The Oscars return with all the spectacle, drama and long-winded thank you speeches that make it Hollywood's favorite night of the year. With the throwback silent film The Artist expected to sweep the awards, Sunday night's results will either be extremely repetitive or come as a huge shock. Here are our favorite clips from all nine films that are nominated for the Best Picture award, and our predictions about which film will win, as well as who deserves to win and why.
The Artist: This joint project between French and American studios is the clear Oscar winner. The Artist, a beautiful and perfectly executed story about the Hollywood transition from silent films to talkies in the 1920s, will overcome its one weakness (its un-American-ness), thanks to its charm and the fact that it pays tribute to Hollywood. The movie stars John Goodman alongside French actors Jean Dujardin and Berenice Bejo, all in non-speaking roles, of course. The Artist will most likely win, and it deserves to, even though the whole affair will essentially boil down to Hollywood patting itself on the back.
Hugo: Hugo, veteran director Martin Scorsese's first foray into children's films, was filmed in mind-blowingly beautiful 3-D. Unlike The Artist, which celebrates Hollywood, Hugo, though also essentially a movie about movies, digs deeper, sending its protagonists on an adventure through Paris that leads them to uncover a mystery about the first great filmmaker, George Melies. Hugo won't win, it's a kids movie after all, with a hodge-podge of a cast, but in many ways it out-maneuvers The Artist.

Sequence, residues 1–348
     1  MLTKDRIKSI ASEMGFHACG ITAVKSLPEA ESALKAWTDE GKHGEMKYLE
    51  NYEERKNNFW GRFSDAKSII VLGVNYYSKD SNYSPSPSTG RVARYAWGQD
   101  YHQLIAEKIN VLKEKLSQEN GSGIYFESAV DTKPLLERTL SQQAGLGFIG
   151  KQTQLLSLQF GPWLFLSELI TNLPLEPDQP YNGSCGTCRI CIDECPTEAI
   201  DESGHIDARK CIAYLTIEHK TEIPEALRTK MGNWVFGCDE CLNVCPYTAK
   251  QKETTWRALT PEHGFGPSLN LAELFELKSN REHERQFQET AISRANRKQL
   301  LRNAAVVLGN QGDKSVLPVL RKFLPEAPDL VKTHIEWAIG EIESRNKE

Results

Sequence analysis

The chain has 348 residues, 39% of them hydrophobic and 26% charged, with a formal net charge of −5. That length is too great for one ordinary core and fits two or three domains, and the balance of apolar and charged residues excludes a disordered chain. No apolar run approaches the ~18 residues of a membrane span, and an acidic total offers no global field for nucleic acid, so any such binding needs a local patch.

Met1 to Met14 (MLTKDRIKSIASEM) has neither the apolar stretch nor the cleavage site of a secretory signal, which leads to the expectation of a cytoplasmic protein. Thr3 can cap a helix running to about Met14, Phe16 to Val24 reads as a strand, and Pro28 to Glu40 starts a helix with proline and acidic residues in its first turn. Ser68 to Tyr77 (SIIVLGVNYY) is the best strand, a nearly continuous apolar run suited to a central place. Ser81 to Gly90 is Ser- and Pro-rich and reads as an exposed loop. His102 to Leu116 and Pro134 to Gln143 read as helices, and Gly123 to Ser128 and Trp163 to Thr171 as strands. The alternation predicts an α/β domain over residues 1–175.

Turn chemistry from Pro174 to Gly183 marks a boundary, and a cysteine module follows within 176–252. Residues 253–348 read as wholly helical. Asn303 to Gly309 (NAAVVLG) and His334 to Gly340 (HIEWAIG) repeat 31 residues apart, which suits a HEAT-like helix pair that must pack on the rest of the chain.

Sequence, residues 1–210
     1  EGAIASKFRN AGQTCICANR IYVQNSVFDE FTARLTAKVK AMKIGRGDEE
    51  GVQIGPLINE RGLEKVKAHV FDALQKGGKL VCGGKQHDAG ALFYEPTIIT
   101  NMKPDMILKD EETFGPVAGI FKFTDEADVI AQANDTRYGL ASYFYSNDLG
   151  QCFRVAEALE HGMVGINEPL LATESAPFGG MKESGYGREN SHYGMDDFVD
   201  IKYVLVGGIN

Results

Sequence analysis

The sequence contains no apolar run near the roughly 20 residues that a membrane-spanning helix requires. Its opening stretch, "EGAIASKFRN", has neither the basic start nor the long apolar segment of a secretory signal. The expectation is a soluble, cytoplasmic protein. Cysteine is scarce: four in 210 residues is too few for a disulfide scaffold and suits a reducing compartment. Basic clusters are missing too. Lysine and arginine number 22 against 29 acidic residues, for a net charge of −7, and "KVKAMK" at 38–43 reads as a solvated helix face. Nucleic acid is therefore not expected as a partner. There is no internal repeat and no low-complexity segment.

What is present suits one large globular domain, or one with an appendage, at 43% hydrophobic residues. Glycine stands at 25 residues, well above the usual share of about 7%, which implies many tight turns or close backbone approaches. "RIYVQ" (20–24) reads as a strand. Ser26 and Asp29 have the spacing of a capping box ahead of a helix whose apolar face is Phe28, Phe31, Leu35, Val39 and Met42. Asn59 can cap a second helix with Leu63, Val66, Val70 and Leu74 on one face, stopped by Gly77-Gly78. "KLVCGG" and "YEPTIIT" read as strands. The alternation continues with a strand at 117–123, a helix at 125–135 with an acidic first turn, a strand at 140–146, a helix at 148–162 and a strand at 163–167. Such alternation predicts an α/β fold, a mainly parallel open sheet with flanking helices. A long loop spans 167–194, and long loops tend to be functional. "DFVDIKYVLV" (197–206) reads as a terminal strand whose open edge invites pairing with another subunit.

The Descendants: A long shot for the best picture category, this drama/comedy has a great shot at winning George Clooney the Oscar for best actor, though in that category he'll face off against Jean Dujardin in The Artist, who has been sold to America as the French George Clooney.
Tree of Life: Far too bizarre a film to win a consensus within the academy, Tree of Life is director Terrence Malick's latest magnum opus, and it spans time, space and possibly alternate dimensions to create a confusing but beautiful tableau of life and the universe. The clip below features a scene that both confused and delighted audience members, and which features dinosaurs. Malick, who has been releasing one beautiful film every ten years or so, deserves the Oscar for best director, but even that may be a long shot.
Midnight in Paris: A cute and enjoyable but quickly forgettable film about Owen Wilson travelling back in time in Paris and mingling with his favorite early 20th century artists. Woody Allen's latest film doesn't even have a long shot at winning, and it's appearance on the list represents the problem with the academy's decision to increase the number of movies nominated for best film, especially in a lackluster year like this one.
Extremely Loud and Incredibly Close: Based on the novel by Jonathan Safran Foer, this quirky drama stars Tom Hanks and Sandra Bullock with an autistic child protagonist played by Thomas Horn. Set in post 9/11 New York City, the film tracks a young boy as he follows a set of clues across the city left behind by his father, who dies in the World Trade Center attack. This film definitely falls into the not-even-a-long-shot category.
The Help: Based on the novel by Kathryn Stockett, The Help tells the story of a young white woman in the South who uses journalism to expose the hypocrisies of segregated America. The Help has its best shot at the Oscar with Octavia Spencer's nomination for Best Supporting Actress.
Moneyball: Moneyball, which stars Brad Pitt and Jonah Hill, manages to make sports interesting thanks to a sharp script by Aaron Sorkin (The Social Network), but the film has little chance of winning the award for best picture, though Sorkin may end the night with an Oscar for best adapted screenplay.
War Horse: Steven Spielberg's second film of the year, following the animated TinTin in 3D, follows a horse through WWI Europe as it reveals the humanity present on both sides of the conflict. Spielberg has become increasingly irrelevant in recent years, and this film has an extremely slight chance of winning the award for Best Picture, despite the fact that the clip below is very well done.